vSphere 6.5 GA and EMC Dell VMAX

VMware vSphere 6.5 is now GA and available for download here. vSphere 6.5 offers lots of new features and capabilities that you can take advantage of in a VMAX environment and is fully supported running on all models in these array types:

  • VMAX1 or VMAX2 (Symmetrix)
  • VMAX3
  • VMAX All Flash

If you have any concern – say if you are running an older Enginuity version on Symmetrix, feel free to check VMware’s compatibility matrix. Note that for Partner Name you should still use EMC and not Dell as these changes take some time and VMware has not updated anything following the merger.

VMware has a 34 page document that discusses the new features, so here are just some I find particularly interesting/useful. In the coming days I will follow with more detailed posts on those features which are most pertinent to Dell EMC and VMAX.

  • VMFS 6 – yep a new VMFS.  Better than ever – really.
  • VCSA and Update Manager – VMware continues the march toward the vCenter Appliance and away from Windows (which is still supported for now). VCSA now has Update Manager integrated into it which saves so much time (and grief). Unfortunately if you use Windows you still have to install Update Manager separately. Also there is a migration assistant that is part of VCSA to get you from Windows to the appliance if you so desire.
  • HTML5 client – well it’s about time we have some sort of replacement for the vSphere Web Client which, well, no one likes. The new vSphere Client, as they call it, is not yet fully functional, however it is far and away a step in the right direction. VMware started the HTML5 client as a lab project named VMware Fling if you had a chance to play with it previously. Here is a screenshot.

html5_2Click to enlarge – use browser back button to return to post

When you access the vCenter you’ll see links to both the vSphere Web Client (Flash) and the HTML5 client. Be aware that the vSphere thick Client (C#) is now defunct.  You can still use the 6.0 version to get to the host itself, but I don’t believe that is supported and I only did it when I was having vCenter issues.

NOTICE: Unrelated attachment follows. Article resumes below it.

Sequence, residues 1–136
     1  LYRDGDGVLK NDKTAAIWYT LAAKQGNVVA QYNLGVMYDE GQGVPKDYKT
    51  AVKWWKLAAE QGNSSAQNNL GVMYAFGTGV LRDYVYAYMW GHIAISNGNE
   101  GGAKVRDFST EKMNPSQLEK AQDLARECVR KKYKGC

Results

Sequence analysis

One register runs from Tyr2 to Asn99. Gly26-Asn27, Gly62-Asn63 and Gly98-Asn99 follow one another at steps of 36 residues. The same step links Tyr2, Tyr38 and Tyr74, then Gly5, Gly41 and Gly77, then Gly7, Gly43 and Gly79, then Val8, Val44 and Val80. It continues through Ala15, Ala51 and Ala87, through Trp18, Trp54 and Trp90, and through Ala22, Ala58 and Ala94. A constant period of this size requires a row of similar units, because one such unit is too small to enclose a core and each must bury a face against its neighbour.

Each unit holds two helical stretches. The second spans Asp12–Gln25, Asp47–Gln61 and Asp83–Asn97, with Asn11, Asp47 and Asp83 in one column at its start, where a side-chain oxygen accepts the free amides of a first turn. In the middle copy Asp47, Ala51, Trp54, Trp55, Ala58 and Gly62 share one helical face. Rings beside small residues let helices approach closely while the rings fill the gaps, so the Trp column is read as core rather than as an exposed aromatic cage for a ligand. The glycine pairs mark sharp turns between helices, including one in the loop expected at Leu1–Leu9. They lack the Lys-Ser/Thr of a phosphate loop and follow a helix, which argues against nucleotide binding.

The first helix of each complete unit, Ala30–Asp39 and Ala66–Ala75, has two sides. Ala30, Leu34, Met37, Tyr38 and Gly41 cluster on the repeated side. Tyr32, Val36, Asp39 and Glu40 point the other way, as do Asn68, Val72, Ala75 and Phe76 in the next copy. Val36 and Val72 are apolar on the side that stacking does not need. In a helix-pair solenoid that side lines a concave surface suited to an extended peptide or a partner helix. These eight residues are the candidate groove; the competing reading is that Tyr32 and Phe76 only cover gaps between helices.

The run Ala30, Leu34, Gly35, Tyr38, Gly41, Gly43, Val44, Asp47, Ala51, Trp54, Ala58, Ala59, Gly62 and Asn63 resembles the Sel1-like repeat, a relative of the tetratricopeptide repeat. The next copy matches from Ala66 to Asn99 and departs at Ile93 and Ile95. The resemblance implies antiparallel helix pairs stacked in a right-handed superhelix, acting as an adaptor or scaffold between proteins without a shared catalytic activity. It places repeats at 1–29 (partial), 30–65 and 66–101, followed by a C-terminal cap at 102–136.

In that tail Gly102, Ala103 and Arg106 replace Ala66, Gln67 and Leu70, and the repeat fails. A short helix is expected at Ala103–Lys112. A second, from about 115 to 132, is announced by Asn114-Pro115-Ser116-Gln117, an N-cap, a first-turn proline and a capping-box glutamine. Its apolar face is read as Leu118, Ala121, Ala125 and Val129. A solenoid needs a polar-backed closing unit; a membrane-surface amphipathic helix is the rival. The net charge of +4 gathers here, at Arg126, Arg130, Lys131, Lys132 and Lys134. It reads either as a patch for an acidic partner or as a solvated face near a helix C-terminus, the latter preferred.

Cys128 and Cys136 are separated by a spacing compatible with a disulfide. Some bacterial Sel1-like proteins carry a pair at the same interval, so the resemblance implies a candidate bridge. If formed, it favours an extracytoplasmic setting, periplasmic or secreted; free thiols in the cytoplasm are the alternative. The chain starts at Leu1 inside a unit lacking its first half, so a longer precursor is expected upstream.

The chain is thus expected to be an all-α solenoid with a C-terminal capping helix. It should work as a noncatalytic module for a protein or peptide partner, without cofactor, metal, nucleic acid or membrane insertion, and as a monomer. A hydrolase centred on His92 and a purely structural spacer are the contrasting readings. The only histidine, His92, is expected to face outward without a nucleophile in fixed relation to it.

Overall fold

• Automated UNMAP – this topic will definitely get its own post, but VMware has re-enabled (yes it used to be) automatic unmapping of VMFS 6 (not 5) datastores. So if you clear out VMs or vmdks from a datastore, VMware, over time, will reclaim the space on the VMAX array for you. It is a background process that runs infrequently and there are some quirks about it, but it works. In my lab I usually got back the space in 24 hours. You can still run a manual reclaim if you want it done immediately. Also UNMAP is now available from within the Linux GuestOS when using thin vmdks, so you can save space that way too. This feature is asynchronous in nature so issuing an unmap, or having a mount with discard enabled, doesn’t mean you delete a file and it reclaims immediately. More on this in another post.
  • Device/LUN limit – the dreaded 256 devices/1024 paths issue has been addressed (a little). VMware doubled the limit to 512 devices and 2000 paths. VMware’s real answer to this of course is VVols which do not count against the device limit, but many customers will never use VVols so this change to the limit is good news for them.
  • HA/DRS/FT – a number of changes here including a new algorithm for load balancing, admission control improvements, and the ability to do an orchestrated restart with HA. I’ll cover this in a post to relate it to SRDF/Metro configurations in particular.

One feature/topic I did not include above is Virtual Volumes or VVols, though there is a new version available with vSphere 6.5 which is VVol 2.0. The reason for that is the VMAX does not currently support VVol 2.0 or VASA 3; however you can use our existing VVol 1.0 and VASA 2 (VASA Provider 8.3) implementation with vSphere 6.5. It works the same way as it does in vSphere 6.0. I don’t think VMware has updated the compatibility matrix yet, but it is supported.

Right now I’m concentrating on the future posts on some of these features to get into the weeds and explain how it works with VMAX storage. I will be updating my docs too – whitepapers, TechBook, etc. but as I just finished them for the Q3 SR, look for a December update. In the meantime if you have any specific question vis-a-vis VMAX and vSphere 6.5 just drop a comment here.


5 thoughts on “vSphere 6.5 GA and EMC Dell VMAX

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    1. We don’t support SRM 6.5 yet. It will be available in the next SRA release. The SRA always lags VMware GA due to the testing requirements around certification.

      1. Nice post Drew, thanks.

        I’ve deployed vSphere 6.5 and now only waiting on the SRDF adapter (SRA) for VMAX to support Site Recovery Manager 6.5 before I can take this into production. Can’t wait.

        Any ETA on this SRA?
        How long do they usually need to release a new SRA?


      2. Hi Peter,

        Thanks. Our SRAs are tied to our releases, not VMware’s, so on occasion this can be problematic. The current SRA development is being built against the next HYPERMAX OS release on the VMAX3/VMAX All Flash which is slated for the first half of next year. At that point SRM 6.5 will be supported. If this is problematic you can feel free to raise the issue with your Dell EMC sales team who can at the very least make a request for the current SRA to support SRM 6.5. Speaking from experience I don’t find it likely to happen but there is the avenue.


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